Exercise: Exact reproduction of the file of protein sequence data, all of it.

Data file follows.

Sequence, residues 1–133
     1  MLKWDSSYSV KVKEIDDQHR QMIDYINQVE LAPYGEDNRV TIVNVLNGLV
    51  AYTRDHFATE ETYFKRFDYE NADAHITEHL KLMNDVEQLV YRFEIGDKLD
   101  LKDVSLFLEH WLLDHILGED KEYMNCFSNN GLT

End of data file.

Sequence, residues 1–133
     1  MLKWDSSYSV KVKEIDDQHR QMIDYINQVE LAPYGEDNRV TIVNVLNGLV
    51  AYTRDHFATE ETYFKRFDYE NADAHITEHL KLMNDVEQLV YRFEIGDKLD
   101  LKDVSLFLEH WLLDHILGED KEYMNCFSNN GLT